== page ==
As a child, my brother and I waited eagerly for the old Chachaji who would sell his wonderful baked wares door-to-door. Chachaji would have this well-worn, shiny steel trunk on his head and in this trunk were treasures like Nankhatai, Rusk, Khari, and Kadak Pav. The Chachaji had carefully customized this trunk so that it had layered steel trays in it and each layer had its own set of treasures.
Chachaji would unfailingly ring our door bell (this is if Anand and I were not already out there waiting for him) and wait for Dad to come out and place the order.
My favourites were the variety of Khari biscuits (plain, with jeera, or with sugar) and Nankhatai (plain, with jam, multi-coloured, with a dusting of crushed almonds and pistachios).
If I close my eyes, I can still visualise the fishing out his scales and carefully weighing out his wonderful baked goodies. Indeed, I can imagine the wonderful aromas wafting about!
The other day, I was waiting for my music class to start and in the bakery nearby, I saw many women pitching in to make Nankhatai. Overwhelmed with nostalgia, I made a batch this past weekend and what a treat they turned out to be.
Makes: 15 to 18
Preparation Time: 10 Minutes
Baking Time: 15 Minutes
- Refined Flour or Maida – 1 Cup
- Gram Flour or Besan – 1/4 Cup
- Semolina or Rava – 1/4 Cup
- Sugar – 1 Cup
- Ghee or Butter – 1 Cup
- Cold Milk – 2 or 3 tbsp (if required)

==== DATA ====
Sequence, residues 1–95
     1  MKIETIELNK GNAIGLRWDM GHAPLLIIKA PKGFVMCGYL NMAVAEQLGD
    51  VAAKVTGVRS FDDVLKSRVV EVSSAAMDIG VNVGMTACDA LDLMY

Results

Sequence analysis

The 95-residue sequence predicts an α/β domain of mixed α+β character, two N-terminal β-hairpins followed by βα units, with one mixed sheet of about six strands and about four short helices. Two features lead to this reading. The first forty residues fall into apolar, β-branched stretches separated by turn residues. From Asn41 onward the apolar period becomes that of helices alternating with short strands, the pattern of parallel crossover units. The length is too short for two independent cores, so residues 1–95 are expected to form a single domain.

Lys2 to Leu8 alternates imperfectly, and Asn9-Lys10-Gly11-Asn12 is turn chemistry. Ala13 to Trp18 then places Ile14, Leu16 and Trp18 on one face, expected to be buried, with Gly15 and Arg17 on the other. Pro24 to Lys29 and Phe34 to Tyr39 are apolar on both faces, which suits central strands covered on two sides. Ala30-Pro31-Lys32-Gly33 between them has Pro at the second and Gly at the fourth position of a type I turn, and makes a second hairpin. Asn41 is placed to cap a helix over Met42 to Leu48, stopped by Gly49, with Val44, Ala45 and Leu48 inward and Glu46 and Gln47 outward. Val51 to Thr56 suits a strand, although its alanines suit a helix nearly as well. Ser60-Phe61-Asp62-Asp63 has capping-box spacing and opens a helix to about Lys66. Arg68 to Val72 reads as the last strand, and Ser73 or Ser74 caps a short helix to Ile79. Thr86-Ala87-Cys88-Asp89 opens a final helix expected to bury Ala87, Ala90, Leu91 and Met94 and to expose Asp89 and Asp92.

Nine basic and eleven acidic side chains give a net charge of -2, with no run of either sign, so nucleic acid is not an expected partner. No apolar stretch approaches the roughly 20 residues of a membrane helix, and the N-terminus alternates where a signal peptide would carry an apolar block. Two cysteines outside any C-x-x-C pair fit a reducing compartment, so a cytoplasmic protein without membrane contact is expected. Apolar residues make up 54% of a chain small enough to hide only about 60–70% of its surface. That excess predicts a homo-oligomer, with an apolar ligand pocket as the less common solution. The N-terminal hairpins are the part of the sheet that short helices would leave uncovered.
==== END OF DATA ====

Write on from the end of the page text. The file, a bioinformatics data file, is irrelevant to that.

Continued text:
- Green Cardamom or Elaichi – 4
- Baking Soda – 1/4 tsp (optional)
- Almonds – 2
- Cashews – 2
- Pistas – 2
- Grease a 12″ baking tray with some ghee.
- Pre-heat the oven to 180°C.
- Sieve together the maida, rava, besan, and baking soda.
- Roughly crush the almonds, cashews and pistas so that they break into small pieces.
- Peel the cardamom.
- Grind the cardamom seeds and sugar together into a fine powder.
- Over low-heat, melt the ghee or butter.
- Take off the heat and let ghee/butter cool to room temperature.
- Add the powdered sugar and cream well.
- Add the dry ingredients and knead into a smooth ball.
- If the dough is powdery, add some milk (1 tsp at a time).
- Divide the dough into 15 to 18 equal small lemon sized balls.
- Press each ball slightly flat and press some dry fruits pieces into the centre.
- Place the nankhatai on the greased tray.
- Bake for 15 to 20 minutes at 180°C.
- Let the Nankhatai cool to room temperature
- Store in an air-tight container
- Enjoy with a cup of hot Adrakwali Chai/Ginger Tea.
- Do not overheat the ghee or butter. Heat it just enough to melt it.
- I found that if you knead the dough well-enough, you don’t need any additional milk. Remember that the sugar has moisture as well.
- I use a standard 1 tsp measure to scoop out the dough and form dome-shaped Nankhatai.
- The Nankhatai bake really fast. Be careful that they do not burn.
- Do not try to check if the Nankhatai are baked by testing their firmness. They tend to remain soft while baking and harden on cooling.